My brain is overflowing after a great initial day at TCEA this year. I took in five great sessions and shared a presentation of my own, but in addition to seeing lots of friends and familiar faces here in Texas a big highlight was getting to hang out a bit with uber-podcaster Tim Wilson and learning some of his tricks of the trade. Tim is heading up the podcasting team for Apple Inc. putting together a compilation of different sessions and interviews with attendees at TCEA this year. He recently did the same thing for the Florida Educational Technology conference in Orlando, where he and others published about 20 sessions. (You can find those on iTunes by searching podcasts for FETC 2007.)

I recorded several sessions today, and for the first time was able to record using the “M-AUDIO MicroTrack 24/96 – Professional 2-Channel Mobile Digital Recorder.” WOW! What an amazing device! I was able to use it to jack directly into the sound systems in presentation rooms, using a 1/4″ to XLR adapter in most cases and a 1/8″ to RCA adapter in another. The sound quality captured by the M-Audio is far superior to anything I’ve ever recorded using an iRiver, iPod, built-in laptop microphone or $7 Wal-Mart microphone on a Windows XP computer. The quality should be better I know: The M-Audio’s retail list price is $499, but I think you can pick them up for around $400 online. The recorder doesn’t run on replaceable batteries (it has to be charged) but it does have a USB to AC power adapter that is handy and is supposed to record 4-5 hours without a charge up.

M-Audio MicroTrack

David Warlick shared a great presentation today that I recorded with the M-Audio, and I’m in the process of uploading and linking that up now to my podcast. That recording will also be included on the Apple TCEA 2007 podcast channel, but other than my own presentations it’s the only other one recorded for the Apple TCEA ’07 channel that I’m planning to also release here. David’s message is strong and clear, and I believe the more people that can hear and share it the better. Many thanks to David for giving permission to record and share his keynote today!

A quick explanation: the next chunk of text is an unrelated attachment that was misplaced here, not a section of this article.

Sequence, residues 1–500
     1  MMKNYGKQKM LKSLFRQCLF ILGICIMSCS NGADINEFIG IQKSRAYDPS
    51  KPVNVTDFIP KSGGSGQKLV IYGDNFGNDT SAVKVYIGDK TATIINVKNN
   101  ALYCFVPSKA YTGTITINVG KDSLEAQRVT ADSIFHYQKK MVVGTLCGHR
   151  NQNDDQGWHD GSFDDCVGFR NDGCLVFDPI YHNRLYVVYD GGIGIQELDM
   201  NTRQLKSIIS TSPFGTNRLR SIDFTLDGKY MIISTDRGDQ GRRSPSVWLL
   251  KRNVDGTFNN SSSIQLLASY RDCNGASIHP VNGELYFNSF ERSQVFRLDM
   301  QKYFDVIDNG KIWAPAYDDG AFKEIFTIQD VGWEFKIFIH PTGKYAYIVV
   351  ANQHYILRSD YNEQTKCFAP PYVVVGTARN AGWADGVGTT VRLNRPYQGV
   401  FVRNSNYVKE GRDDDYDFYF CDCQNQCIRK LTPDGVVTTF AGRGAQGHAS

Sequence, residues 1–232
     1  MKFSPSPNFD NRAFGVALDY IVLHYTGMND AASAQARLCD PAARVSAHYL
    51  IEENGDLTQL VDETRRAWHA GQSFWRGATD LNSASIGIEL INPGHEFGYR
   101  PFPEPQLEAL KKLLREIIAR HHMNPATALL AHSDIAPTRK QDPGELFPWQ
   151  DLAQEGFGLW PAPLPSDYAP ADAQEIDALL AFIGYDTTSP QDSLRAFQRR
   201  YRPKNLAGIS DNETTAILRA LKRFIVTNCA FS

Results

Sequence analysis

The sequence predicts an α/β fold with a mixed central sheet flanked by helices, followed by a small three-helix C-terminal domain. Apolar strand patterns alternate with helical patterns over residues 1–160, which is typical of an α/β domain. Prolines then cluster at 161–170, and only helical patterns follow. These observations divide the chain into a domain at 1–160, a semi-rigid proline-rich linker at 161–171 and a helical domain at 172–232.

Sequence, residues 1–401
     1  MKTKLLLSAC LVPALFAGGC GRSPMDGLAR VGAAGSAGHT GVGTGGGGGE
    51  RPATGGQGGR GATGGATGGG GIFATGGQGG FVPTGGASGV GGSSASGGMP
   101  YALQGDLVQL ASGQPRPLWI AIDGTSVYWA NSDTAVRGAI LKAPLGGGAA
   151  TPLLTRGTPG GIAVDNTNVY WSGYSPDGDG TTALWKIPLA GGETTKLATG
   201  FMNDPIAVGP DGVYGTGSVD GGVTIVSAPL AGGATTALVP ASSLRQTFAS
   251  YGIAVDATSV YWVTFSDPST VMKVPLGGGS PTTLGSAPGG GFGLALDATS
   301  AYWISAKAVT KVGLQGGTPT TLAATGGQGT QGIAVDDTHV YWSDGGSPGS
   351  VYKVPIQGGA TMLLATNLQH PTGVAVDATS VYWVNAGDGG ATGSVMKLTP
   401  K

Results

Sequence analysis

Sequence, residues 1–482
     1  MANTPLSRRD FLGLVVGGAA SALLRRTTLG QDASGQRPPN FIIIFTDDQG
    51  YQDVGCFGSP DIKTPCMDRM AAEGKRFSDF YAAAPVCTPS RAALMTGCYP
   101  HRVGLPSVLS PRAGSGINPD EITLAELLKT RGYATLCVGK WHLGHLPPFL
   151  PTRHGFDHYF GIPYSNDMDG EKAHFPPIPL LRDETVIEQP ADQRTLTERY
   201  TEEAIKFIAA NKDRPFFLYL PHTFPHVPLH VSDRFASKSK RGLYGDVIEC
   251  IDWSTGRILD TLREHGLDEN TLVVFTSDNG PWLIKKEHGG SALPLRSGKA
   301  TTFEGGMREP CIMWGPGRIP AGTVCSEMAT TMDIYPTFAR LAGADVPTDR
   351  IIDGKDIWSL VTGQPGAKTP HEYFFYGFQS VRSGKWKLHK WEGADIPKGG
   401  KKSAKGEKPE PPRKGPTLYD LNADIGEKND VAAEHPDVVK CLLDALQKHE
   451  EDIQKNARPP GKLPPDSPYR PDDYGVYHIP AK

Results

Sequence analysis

Tim also discussed the differences between condenser microphones with phantom power and dynamic microphones, which is something I’ve been wondering about for a long time. I think I’m going to save my money and at some point in the hopefully not too distant future, purchase a M-Audio MicroTrack. I did some additional recording today with my iPod and iTalk microphone, and the quality is definitely passable, but the M-Audio really lets you take podcasting to the next level. I want to go there! I know I’ll have to save up for a microphone as well, but at least I’m feeling a bit more comfortable “talking the talk” of microphone differences and thinking that I’ll be able to intelligently shop for one down the road.

I’m probably just going to publish David’s podcast this evening, but the others I recorded and plan to share soon (maybe tomorrow, depending on time) include:

  • My session on “The Case for 1:1 Computing” from today
  • The last half of Gary Stager’s presentation “Yes all kids should learn to program” from today (I missed the first half with David Thornburg unfortunately)
  • A conversation this evening following the iPod Palooza with Stef Paramoure, a very energetic science teacher from New Braunfels, Texas (she teaches in Comal ISD)

Lots of great ideas and lots of enthusiastic teachers focused on learning more themselves and taking ideas back to their classrooms to help improve educational opportunities for their students! This is what technology conferences should be all about. I love TCEA! 🙂

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2 Responses to Taking podcasting to the next level

  1. Wesley,
    Podcasting is great for providing content for people who cannot attend conference presentations, for example. However, what continues to bother me is that podcasting seems to be primarily used in education for content delivery, in my eyes a very limited use.

    To me, taking podcasting to the next level, as you title your post, means having STUDENTS CREATE podcasts for others. Examples of this include Tony Vincent’s Our City Podcast, and some of the work that students are doing in a mentor project we are running at Kent State University’s Research Center for Educational Technology.

    As much as people are blogging about the potential of podcasting for K-12, I’m disappointed in the lack of discussion about kids creating podcasts. It’s in the creating that most learning happens, not in listening to yet another podcast.

  2. Wesley Fryer says:

    I agree with you Mark. I think people take readily to the asynchronous, non-interactive form of podcasting (which recorded conference presentations fall into) because most folks buy into the “education as transmission” paradigm. I definitely think we need more learners of all ages creating their own podcasts– these are the best to listen to, and the most valuable because of the processes the learners go through in creating them.

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